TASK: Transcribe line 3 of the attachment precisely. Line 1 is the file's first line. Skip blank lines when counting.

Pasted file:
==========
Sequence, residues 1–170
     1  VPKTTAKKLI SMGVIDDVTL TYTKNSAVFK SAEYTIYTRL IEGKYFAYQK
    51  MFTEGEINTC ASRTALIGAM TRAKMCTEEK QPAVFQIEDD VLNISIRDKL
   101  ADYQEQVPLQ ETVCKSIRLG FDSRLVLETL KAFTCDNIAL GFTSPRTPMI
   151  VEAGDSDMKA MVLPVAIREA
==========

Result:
    51  MFTEGEINTC ASRTALIGAM TRAKMCTEEK QPAVFQIEDD VLNISIRDKL